If you’re in the market for a used car, then there’s a good possibility that reliability is high on your list. A good, reliable car can not only last you for many years and many miles, but it can also cut down on your ownership costs during the time that you have it. And if you truly are shopping for a reliable car that can last for at least 100,000 miles or more, then you might not want to buy one of the cars on the following list.
2012-2015 BMW X1
Driving and owning a BMW is a dream to some consumers. And why not? BMW makes some great cars that are luxurious, powerful, and classy. However, not all of them are very reliable. Take the 2012-2015 BMW X1, for example, which was one of the many vehicles from the automaker that was subject to a class-action lawsuit concerning timing chain issues.
KGG, a law firm based out of New York and New Jersey, filed a lawsuit against BMW concerning the primary timing chain failing and causing engine failures. According to Car Complaints, BMW settled the lawsuit and continued to honor the 7-year/70,000-mile warranties on the BMW vehicle affected in addition to some compensation to the owners. However, we suggest staying away from any of the affected cars, including the BMW X1 altogether.
2020 Lexus ES300h
It’s probably super surprising to see a Lexus on this list considering you can typically expect any Toyota product to last an astronomical amount of miles. However, the 2020 Lexus ES300h was subject to a recall just last year concerning issues with its engine casting. More specifically, the recall revolves around “porosity in the engine castings, which could result in cracks that can allow coolant to leak internally or externally.”
That sounds pretty serious. And it is, considering the recall also includes Camry, Camry Hybrid, Avalon Hybrid, and the RAV4 Hybrid as well and the main resolution is to replace the engine block. However, according to Consumer Reports, only 250 out of the 44,191 vehicles affected will need a complete engine replacement, but we doubt that you would want to risk possibly getting one of those.
If you do happen to set on a 2020 ES300h, then we would suggest checking into its recall status to see if the particular one that you’re interested in was part of it. If so, then ensure that the car has already been checked out by a Lexus dealer.
2011-2015 Subaru Impreza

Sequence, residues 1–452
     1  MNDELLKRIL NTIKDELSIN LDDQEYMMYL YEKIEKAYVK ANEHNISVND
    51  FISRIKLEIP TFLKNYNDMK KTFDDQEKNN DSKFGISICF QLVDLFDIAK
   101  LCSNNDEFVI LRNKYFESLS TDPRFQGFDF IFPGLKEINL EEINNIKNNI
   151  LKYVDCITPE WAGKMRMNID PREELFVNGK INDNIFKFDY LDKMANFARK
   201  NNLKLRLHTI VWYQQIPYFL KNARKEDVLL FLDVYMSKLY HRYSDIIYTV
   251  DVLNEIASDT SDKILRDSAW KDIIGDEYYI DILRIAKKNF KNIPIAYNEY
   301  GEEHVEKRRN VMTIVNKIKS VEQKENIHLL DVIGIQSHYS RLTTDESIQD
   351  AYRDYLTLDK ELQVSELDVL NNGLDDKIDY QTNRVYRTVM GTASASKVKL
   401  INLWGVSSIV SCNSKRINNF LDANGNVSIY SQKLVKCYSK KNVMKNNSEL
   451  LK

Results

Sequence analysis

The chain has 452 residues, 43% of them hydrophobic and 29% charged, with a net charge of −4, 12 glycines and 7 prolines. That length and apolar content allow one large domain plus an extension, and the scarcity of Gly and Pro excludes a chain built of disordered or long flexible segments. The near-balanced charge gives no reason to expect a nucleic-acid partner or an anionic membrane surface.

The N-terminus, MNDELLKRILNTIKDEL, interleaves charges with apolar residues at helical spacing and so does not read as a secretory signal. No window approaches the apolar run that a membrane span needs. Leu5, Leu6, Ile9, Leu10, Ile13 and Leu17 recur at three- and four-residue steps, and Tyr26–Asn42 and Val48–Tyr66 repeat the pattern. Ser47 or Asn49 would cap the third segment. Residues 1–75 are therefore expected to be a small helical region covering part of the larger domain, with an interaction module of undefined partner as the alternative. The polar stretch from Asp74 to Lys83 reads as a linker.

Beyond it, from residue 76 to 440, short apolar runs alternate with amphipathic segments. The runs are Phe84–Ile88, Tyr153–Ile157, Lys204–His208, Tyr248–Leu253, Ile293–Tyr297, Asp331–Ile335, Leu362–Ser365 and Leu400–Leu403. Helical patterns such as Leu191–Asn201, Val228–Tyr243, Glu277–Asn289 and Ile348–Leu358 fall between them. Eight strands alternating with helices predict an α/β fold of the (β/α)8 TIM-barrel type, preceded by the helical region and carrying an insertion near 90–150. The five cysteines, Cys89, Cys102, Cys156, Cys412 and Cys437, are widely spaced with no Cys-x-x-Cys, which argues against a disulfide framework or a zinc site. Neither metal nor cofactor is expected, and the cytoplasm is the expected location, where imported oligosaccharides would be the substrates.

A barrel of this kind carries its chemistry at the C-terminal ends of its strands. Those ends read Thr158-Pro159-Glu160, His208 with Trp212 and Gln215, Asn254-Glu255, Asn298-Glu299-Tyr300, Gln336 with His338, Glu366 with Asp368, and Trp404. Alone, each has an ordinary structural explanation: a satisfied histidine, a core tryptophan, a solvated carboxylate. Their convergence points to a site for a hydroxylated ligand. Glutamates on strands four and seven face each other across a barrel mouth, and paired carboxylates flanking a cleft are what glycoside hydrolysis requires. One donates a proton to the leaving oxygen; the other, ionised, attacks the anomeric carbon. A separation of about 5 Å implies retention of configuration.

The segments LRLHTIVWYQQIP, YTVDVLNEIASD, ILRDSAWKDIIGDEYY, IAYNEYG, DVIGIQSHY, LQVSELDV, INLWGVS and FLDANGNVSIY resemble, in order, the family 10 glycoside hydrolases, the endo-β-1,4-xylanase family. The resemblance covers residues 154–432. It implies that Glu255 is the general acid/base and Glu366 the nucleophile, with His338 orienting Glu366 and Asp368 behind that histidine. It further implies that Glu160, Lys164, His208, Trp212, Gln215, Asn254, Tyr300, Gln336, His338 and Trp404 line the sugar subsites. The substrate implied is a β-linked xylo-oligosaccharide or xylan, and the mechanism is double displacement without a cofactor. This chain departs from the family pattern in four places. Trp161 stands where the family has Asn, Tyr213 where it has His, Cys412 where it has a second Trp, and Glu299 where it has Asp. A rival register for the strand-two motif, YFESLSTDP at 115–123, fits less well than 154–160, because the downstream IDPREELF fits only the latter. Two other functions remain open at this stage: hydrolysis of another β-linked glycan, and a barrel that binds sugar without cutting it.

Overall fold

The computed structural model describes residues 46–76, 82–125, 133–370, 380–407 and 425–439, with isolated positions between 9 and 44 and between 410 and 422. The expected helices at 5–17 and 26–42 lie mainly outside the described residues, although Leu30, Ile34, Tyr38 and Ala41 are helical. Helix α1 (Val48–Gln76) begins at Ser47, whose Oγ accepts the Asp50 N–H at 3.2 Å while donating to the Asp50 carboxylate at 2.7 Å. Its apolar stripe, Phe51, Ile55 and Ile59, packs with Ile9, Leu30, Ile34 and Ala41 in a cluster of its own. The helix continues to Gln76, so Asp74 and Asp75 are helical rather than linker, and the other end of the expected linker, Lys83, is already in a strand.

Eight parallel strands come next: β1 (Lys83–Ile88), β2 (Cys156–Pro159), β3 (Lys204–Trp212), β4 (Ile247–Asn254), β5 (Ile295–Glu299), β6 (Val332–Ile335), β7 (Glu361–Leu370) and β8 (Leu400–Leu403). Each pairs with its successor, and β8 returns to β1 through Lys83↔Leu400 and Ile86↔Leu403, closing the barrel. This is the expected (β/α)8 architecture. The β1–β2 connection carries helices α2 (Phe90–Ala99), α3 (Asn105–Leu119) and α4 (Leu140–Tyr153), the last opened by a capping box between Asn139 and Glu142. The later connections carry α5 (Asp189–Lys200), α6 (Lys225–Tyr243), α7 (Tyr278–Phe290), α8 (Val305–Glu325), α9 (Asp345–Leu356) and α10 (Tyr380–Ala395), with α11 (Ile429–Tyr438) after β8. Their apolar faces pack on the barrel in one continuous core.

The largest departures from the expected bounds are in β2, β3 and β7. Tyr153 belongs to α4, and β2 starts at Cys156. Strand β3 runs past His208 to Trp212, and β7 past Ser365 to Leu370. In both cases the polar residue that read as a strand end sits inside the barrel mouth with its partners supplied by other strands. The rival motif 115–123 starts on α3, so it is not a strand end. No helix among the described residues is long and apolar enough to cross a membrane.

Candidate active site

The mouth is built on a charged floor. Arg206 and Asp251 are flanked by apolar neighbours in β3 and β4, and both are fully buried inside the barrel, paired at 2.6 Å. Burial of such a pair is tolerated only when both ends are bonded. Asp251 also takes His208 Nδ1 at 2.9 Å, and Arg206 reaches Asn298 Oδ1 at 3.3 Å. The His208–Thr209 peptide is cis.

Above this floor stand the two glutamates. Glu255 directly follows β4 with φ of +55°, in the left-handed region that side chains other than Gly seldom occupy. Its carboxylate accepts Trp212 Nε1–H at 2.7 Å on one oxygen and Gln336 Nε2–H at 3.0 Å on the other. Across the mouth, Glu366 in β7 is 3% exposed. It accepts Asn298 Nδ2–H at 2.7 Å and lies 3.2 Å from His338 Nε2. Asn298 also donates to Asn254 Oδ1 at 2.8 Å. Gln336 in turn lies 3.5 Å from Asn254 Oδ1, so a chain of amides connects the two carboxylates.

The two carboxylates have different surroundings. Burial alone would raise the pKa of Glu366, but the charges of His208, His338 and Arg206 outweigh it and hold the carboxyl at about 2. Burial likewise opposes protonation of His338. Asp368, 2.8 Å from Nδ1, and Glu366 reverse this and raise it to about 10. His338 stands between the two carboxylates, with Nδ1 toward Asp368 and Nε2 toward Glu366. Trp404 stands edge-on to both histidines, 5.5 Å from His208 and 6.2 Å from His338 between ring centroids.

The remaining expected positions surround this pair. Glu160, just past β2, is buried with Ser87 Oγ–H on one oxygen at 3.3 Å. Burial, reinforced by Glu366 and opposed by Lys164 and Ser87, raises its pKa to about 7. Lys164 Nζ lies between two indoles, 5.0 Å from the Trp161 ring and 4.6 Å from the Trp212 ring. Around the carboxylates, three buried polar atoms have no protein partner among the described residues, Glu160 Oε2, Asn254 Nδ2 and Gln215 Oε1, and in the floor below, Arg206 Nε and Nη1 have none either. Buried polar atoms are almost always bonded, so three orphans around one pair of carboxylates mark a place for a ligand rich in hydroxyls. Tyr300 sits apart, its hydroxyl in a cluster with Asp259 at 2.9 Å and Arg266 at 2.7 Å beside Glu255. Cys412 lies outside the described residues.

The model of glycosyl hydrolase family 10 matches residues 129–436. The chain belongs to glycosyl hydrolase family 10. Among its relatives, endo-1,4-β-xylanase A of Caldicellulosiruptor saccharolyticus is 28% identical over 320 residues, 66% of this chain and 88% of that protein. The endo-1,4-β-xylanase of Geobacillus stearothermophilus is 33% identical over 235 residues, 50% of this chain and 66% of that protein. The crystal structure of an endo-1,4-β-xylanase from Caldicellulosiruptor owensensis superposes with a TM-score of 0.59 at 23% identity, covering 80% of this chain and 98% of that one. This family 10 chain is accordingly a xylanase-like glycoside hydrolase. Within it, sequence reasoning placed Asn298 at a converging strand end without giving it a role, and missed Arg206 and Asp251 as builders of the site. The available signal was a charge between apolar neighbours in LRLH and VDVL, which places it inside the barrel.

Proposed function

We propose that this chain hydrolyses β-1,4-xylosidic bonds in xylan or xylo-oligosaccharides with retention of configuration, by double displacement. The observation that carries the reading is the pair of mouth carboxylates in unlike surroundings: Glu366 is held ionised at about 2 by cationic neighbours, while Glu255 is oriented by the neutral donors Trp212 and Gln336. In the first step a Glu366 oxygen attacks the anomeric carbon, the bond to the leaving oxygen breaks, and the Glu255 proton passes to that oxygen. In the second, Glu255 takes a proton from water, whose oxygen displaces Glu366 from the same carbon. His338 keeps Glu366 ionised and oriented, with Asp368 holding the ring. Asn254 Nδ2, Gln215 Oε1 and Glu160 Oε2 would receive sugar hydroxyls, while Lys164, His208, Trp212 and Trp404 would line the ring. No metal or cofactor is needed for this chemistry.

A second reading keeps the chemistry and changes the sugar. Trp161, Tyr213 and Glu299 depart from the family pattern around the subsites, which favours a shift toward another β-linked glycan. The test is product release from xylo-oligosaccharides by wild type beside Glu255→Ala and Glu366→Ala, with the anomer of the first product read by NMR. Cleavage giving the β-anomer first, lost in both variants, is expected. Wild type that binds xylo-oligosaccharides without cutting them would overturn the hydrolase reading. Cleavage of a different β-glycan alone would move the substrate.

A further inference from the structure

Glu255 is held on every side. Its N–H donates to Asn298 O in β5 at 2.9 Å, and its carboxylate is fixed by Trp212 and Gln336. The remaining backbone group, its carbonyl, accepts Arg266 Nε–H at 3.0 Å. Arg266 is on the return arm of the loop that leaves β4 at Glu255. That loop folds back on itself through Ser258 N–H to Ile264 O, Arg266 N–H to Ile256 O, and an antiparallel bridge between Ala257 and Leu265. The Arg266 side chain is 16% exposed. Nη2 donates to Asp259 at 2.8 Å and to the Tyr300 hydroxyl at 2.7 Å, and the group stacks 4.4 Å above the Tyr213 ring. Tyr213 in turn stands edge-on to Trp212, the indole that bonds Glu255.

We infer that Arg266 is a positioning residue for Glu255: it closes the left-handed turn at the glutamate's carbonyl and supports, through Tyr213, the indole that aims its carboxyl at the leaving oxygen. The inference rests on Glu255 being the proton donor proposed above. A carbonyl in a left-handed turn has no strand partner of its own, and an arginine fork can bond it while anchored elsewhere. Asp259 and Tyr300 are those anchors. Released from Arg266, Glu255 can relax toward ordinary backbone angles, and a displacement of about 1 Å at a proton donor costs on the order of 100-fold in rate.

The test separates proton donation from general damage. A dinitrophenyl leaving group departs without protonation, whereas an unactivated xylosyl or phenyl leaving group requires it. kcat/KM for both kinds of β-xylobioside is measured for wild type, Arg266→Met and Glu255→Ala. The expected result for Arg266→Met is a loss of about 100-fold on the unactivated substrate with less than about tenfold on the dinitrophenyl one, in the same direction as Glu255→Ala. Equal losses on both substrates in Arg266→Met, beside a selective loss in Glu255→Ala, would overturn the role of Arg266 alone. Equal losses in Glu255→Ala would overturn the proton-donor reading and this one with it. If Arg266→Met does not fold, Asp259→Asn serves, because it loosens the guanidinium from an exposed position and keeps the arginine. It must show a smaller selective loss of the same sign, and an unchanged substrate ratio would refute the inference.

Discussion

Much like the BMW above, the 2011-2015 Subaru Impreza was subject to a class-action lawsuit filed against Subaru, which allegedly claimed that many of the naturally aspirated 2.0-liter and 2.5-liter engines (FB engine code) were prone to heavy oil consumption.
Just like BMW, Subaru settled the lawsuit by extending many of the powertrain warranties of the affected vehicles and even compensating some of the owners, according to Torque News. The issue not only affects the Impreza, but also the Forester, Crosstrek, and Legacy from the 2012-2013 model years since they were also equipped with either the 2.0-liter or 2.5-liter engines.
2009-2010 Audi A4
While the Audi A4 is indeed a beautiful car with a nice interior and potent, turbocharged 2.0-liter, four-cylinder engine, you might want to watch out for those in the 2009-2010 model years. The Drive reported that many Audi A4s, A5s, and Q5s from these model years were subject to complete engine rebuilds due to rod bearing failure and excessive oil leaks.
If you’re set on buying one of these cars, we would suggest getting it checked out first or possibly even staying away as repairs can get quite expensive. Some owners have reported being quoted over $7,000 for engine repairs on their A4s.
2012–2015 Kia Forte Koup and Sportage
There’s no doubt that Kia has definitely stepped up its game over the past few years, however, massive strides forward can sometimes lead to a few steps backward. As was the case last year when the automaker issued a recall concerning the 2012-2015 Forte Koup and Sportage for “unusual engine noises, fuel smell, burning smell, or check engine lights,” according to The Drive.
Hyundai decided to remedy the issue by installing knock sensors in the affected cars, which could help. However, if you’re in the market for a used Kia with a 2.4-liter engine, then you might want to ensure that the recall has been addressed first.
These cars might not last until 100,000 miles
While it’s easy to tell you to stay away from the cars on this list, it would be better to at least warn you to get the car checked out if you happen interested in one of them. A complete engine rebuild or excessive oil leaks are nothing to mess around with as they can lead to you being stranded or dealing with even more issues even before the car gets to 100,000 miles.
For a longer list of cars that might not make it to 100,000, check out the video from Exotic Car Play Place below.